Molecular approaches underlying the oogenic cycle ... - Naturewww.researchgate.net › publication › fulltext › Molecular

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Molecular approaches underlying the oogenic cycle ... - Nature › publication › fulltext › Molecular... › publication › fulltext › Molecular...by ES Tan · ‎2020 · ‎Cited by 1 · ‎Related articlesfamily, acts as a translational regulator of germline-specific

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Molecular approaches underlying the oogenic cycle of the scleractinian coral, Acropora tenuis Ee Suan Tan1, Ryotaro Izumi1, Yuki Takeuchi   2,3, Naoko Isomura4 & Akihiro Takemura2 ✉ This study aimed to elucidate the physiological processes of oogenesis in Acropora tenuis. Genes/ proteins related to oogenesis were investigated: Vasa, a germ cell marker, vitellogenin (VG), a major yolk protein precursor, and its receptor (LDLR). Coral branches were collected monthly from coral reefs around Sesoko Island (Okinawa, Japan) for histological observation by in situ hybridisation (ISH) of the Vasa (AtVasa) and Low Density Lipoprotein Receptor (AtLDLR) genes and immunohistochemistry (IHC) of AtVasa and AtVG. AtVasa immunoreactivity was detected in germline cells and ooplasm, whereas AtVG immunoreactivity was detected in ooplasm and putative ovarian tissues. AtVasa was localised in germline cells located in the retractor muscles of the mesentery, whereas AtLDLR was localised in the putative ovarian and mesentery tissues. AtLDLR was detected in coral tissues during the vitellogenic phase, whereas AtVG immunoreactivity was found in primary oocytes. Germline cells expressing AtVasa are present throughout the year. In conclusion, Vasa has physiological and molecular roles throughout the oogenic cycle, as it determines gonadal germline cells and ensures normal oocyte development, whereas the roles of VG and LDLR are limited to the vitellogenic stages because they act in coordination with lipoprotein transport, vitellogenin synthesis, and yolk incorporation into oocytes. Approximately 70% of scleractinian corals are hermaphroditic broadcast spawners and have both male and female gonads developing within the polyp of the same colony1. They engage in a multispecific spawning event around the designated moon phase once a year2–4. Approaching the spawning season, corals undergo gametogenesis until their gametes are fully matured; oogonia appear alongside the mesoglea in each gastrodermal mesentery and differentiate into oocytes, which accumulate yolk in their cytoplasm2,5. Scleractinians like Acropora and Montipora have matured oocytes and sperm packaged as egg-sperm bundles6, which then appear at the mouth of coral polyps and are released into the seawater column a few hours after sunset. Other broadcast spawners (e.g., Porites, Euphyllia, Pocillopora, Fungia, etc) do not form egg-sperm bundles but the eggs and sperms are released directly from the mouth of their polyps. In some cases, certain coral species spawn during the day. For example, Pocillopora meandrina, P. acuta (Kaneohe Bay, Hawai’i), P. verrucosa and P. eydouxi (Okinawa, Japan) spawned early in the morning, while Porites rus (Chumbe Island, Zanzibar) and Pavona sp. (Gulf of Thailand) released sperms in the noon7,8. Although this process of oogenesis in corals is well documented3, there is limited information on the internal system of oogenesis in corals. Oogenesis is a complex process involving successive mitotic and meiotic phases that are controlled by several reproductive genes and proteins. Gametes, such as egg and sperm are derived from germline cells in the gonadal region. In order to identify germline cells from other somatic cells, some germline cell specific genes (e.g. vasa, piwi, nanos, oskar, gurken, aubergine etc.) are discovered9,10. Among the germline cell specific genes, vasa and piwi were identified in the stony coral, Euphyllia ancora11,12. Vasa, a member of the DEAD-box RNA helicase family, acts as a translational regulator of germline-specific target mRNAs and piRNAs to determine cell outcome within germline cells13–16. Vasa was originally identified in Drosophilla melanogaster13,17 and afterwards, in various vertebrates (human18, mice19, chicken20, frog21, teleost22–24) and invertebrates (planaria25, sea anemone9, stony coral11, hydra26, and sea urchin27). On the other hand, Piwi is a member of the Argonaute (AGO) protein family, characterized by two major motifs, the Piwi/Argonaute/Zwille (PAZ) domain and the PIWI domain. 1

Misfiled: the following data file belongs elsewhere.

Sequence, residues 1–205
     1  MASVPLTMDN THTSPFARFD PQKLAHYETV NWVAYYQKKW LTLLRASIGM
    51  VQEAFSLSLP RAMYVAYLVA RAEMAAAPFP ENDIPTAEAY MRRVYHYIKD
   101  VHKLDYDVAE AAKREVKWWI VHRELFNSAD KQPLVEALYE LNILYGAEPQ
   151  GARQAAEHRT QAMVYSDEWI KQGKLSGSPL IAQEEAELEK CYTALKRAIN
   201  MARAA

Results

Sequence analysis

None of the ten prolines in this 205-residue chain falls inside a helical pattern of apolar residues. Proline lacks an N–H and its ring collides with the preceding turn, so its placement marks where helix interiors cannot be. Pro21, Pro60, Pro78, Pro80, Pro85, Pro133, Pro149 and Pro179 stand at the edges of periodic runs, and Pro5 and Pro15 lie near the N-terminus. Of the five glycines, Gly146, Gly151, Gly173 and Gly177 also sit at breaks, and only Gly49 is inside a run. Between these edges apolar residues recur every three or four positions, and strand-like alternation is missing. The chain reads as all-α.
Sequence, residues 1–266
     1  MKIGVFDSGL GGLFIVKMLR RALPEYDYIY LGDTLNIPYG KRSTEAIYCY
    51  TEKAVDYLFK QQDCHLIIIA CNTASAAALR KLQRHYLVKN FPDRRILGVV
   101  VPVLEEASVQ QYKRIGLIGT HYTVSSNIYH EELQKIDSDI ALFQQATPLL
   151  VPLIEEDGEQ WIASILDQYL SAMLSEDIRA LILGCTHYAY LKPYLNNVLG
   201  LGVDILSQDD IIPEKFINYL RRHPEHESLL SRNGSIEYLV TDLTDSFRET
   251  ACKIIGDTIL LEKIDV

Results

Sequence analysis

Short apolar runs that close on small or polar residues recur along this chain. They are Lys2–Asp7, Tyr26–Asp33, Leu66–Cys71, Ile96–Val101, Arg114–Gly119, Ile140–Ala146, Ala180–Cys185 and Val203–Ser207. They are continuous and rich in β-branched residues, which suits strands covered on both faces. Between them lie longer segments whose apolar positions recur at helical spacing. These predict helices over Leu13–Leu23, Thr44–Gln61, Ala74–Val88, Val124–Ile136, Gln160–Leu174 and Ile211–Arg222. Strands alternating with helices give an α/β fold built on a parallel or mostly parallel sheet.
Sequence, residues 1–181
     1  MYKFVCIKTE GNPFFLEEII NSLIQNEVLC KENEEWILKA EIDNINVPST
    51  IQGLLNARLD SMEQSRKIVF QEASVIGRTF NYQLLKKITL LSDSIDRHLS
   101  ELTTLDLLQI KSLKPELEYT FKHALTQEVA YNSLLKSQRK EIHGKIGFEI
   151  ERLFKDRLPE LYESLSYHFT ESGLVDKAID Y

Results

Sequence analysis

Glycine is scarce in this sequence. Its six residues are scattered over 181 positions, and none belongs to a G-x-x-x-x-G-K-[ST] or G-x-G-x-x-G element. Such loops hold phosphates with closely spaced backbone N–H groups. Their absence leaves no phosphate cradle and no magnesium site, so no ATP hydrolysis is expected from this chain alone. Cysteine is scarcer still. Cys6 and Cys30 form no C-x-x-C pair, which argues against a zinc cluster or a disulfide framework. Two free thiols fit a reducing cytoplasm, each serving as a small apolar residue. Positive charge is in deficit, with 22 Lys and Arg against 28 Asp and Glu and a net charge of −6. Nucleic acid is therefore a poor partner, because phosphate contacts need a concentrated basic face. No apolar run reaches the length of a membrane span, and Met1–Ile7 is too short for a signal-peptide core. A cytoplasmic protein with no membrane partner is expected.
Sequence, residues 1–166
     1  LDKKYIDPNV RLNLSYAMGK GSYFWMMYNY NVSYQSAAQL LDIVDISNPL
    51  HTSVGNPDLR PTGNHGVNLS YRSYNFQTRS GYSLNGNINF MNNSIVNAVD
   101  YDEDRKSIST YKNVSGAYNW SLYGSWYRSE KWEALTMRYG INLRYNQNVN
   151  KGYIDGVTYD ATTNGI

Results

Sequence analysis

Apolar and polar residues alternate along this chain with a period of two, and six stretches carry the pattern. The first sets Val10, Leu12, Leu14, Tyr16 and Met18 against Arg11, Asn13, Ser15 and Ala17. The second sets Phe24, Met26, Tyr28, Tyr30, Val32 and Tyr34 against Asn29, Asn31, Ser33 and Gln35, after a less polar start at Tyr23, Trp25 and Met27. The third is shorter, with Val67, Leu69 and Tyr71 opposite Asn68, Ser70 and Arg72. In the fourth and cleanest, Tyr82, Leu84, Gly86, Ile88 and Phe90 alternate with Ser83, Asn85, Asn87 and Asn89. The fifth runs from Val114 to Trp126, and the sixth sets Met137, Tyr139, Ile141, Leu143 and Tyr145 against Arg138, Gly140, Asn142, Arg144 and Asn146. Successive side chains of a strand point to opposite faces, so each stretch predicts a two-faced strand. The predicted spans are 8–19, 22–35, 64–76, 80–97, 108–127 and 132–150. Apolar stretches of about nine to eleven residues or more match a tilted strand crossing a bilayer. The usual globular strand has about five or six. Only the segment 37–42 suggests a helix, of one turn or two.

Graduate School of Engineering and Science, University of the Ryukyus, Nishihara, 903-0213, Japan. 2Department of Chemistry, Biology and Marine Science, Faculty of Science, University of the Ryukyus, Nishihara, 903-0213, Japan. 3 Developmental Neurobiology Unit, Okinawa Institute of Science and Technology Graduate University (OIST), Onna, 904-0412, Japan. 4Department of Bioresources Engineering, National Institute of Technology, Okinawa College, Nago, 905-2192, Japan. ✉e-mail: [email protected] Scientific Reports |

(2020) 10:9914 | https://doi.org/10.1038/s41598-020-66020-x

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Piwi proteins associate with piwi-interacting RNAs (piRNAs) and regulate epigenetic programming and posttranscriptional regulation, which may be involved in germline specification, germ cell maintenance, transposon silencing, and genome integrity28–30. In the stony coral, E. ancora, Vasa and Piwi are expressed in early stage germline cells and is proven to be reliable molecular

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